Acknowledging the gravity of the encryption debate, Congress will create a commission on encryption, technology and terrorism in response to growing concerns that encryption is a tool envied if not used by terrorists. In a bid to somehow narrow the gulf between the desires of law enforcement and the realities faced by the tech companies, Rep. Mike McCaul of Texas, chairman of the House Committee on Homeland Security, announced the formation of a special commission to tackle the issues. Foremost on the agenda will be law enforcement’s fears of “going dark” as it cannot intercept, read, or access encrypted data from terrorists.
Recognizing that “extremists are not only disguising their travel to evade detection, they are also concealing their communications,” and no longer rely on outmoded communication or cower in caves, but rather hide their messages in “dark spaces”, McCaul’s commission would target their attempts to evade law enforcement via impenetrable encryption.
McCaul went out of his way to not demonize encryption, because it is the backbone of privacy on the Internet, and also essential for robust global commerce. On the other hand, he noted that, “I have personally been briefed on cases where terrorists communicated in darkness and where we couldn’t shine a light, even with a lawful warrant.” Then he opined that “a legislative knee-jerk reaction could weaken internet protections and privacy for everyday Americans.”
So this will be a delicate balancing act, in what is shaping up to be a precarious political year featuring a presidential election campaign rife with incendiary rhetoric.
If you’ve been following the drama, you will know that it has been simmering for over a year, and was kicked up a notch by Apple’s introduction of encryption by default for its iPhones. This makes the police, as well as Apple, unable to access users’ data, and prompted the “going dark” remarks by FBI Director James Comey, further fueling the debate in which law enforcement clamor for backdoors, and which the tech industry has rebuffed.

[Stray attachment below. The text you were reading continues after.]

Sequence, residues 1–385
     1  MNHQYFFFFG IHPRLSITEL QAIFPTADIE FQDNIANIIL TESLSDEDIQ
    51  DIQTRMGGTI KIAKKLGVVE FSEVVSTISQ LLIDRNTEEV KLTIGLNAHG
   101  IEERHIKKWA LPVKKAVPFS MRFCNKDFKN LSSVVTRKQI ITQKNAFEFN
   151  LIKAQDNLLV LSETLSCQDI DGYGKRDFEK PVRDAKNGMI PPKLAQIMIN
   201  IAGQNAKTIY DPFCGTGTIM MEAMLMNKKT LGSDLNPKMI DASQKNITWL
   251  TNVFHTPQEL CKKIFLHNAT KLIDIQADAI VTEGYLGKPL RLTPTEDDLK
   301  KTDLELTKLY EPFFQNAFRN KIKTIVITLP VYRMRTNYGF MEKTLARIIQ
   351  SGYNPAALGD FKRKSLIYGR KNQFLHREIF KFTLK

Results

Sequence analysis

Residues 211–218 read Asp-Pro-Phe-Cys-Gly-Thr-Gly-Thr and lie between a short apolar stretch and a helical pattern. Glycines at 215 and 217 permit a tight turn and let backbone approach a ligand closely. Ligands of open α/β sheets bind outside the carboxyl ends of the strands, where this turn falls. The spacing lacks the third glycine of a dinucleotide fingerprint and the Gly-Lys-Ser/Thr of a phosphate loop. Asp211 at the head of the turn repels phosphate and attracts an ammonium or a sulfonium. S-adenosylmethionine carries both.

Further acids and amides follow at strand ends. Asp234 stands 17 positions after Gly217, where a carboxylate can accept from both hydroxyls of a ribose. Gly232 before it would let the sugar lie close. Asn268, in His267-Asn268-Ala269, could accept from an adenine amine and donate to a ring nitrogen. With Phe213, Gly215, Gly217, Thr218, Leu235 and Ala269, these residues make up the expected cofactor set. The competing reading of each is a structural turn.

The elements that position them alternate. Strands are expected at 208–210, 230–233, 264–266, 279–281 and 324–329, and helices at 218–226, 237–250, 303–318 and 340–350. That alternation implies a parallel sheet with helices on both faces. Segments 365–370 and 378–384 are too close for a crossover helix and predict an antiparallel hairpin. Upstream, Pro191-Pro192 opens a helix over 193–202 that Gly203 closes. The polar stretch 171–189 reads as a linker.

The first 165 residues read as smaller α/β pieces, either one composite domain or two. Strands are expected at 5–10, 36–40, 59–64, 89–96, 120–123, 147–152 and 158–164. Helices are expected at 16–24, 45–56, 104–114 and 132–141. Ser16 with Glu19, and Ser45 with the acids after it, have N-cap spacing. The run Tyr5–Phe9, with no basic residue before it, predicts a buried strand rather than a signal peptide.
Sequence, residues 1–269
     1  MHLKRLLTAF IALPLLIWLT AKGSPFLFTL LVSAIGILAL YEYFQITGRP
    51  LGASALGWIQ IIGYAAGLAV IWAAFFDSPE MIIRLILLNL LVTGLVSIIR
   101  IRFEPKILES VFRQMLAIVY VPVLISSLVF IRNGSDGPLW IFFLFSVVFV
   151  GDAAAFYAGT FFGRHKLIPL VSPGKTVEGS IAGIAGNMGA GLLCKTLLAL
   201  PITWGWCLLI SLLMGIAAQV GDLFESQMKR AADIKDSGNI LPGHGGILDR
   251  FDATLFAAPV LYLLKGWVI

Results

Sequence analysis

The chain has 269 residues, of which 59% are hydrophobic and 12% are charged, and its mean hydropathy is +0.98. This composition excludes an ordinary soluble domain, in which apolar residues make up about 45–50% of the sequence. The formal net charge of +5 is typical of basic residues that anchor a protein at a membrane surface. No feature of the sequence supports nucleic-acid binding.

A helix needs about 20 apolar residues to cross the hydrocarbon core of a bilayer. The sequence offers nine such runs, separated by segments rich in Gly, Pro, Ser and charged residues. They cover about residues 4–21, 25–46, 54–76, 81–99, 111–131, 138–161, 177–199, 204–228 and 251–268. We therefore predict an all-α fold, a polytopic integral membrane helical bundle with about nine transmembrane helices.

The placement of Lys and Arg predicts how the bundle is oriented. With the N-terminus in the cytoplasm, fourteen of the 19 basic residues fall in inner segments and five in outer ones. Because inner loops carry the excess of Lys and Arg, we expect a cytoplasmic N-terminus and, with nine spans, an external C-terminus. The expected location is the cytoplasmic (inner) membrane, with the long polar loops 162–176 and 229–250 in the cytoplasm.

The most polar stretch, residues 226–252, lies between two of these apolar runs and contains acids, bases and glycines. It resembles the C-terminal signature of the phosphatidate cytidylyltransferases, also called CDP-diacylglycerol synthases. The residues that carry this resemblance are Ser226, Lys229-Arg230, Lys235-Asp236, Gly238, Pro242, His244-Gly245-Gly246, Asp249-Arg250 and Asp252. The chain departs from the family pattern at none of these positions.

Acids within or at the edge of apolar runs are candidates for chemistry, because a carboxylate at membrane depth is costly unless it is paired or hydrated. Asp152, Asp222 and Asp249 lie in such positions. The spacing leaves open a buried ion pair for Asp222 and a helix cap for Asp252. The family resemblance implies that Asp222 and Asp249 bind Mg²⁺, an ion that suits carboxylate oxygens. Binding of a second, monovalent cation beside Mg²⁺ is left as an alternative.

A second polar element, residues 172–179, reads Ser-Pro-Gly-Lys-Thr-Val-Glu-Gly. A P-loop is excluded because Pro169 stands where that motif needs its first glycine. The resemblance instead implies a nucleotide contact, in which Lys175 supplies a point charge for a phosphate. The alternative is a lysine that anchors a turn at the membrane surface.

But the attacks in Paris, and the most recent one in San Bernardino, have emboldened authorities to press for weaker encryption despite the fact that there is no evidence that terrorists used encryption in planning or executing the massacres. In fact, the “go” signal in Paris was found to have been sent in a simple, open SMS message!
The presidential candidates have not missed a beat in joining the chorus for weaker encryption and backdoors. Even the reticent President Obama, who has been straddling the fence, has come out for tech company capitulation, while at the same time (as is typical,) championing an unencumbered free enterprise system replete with free speech. All candidates have been deliberately vague on details, and have used broad terms in their appeals for weaker encryption and backdoors, with many calling for cooperation by the tech companies, as opposed to the government forcing compliance.
A typical response is the one by Democrat front-runner, Hillary Clinton, who said that,
“I have to believe that the best minds in the private sector, in the public sector could come together to help us deal with this evolving threat. [Tech companies and law enforcement should] get together and try to figure out the best way forward.”
Given the climate in the US in the aftermath of the latest attack in California, and the pandering for votes from an outraged electorate, it is likely that McCaul’s call for a commission will sail through Congress and be signed by the President. It will not be the last piece of legislation that arises in the assault on privacy and liberty.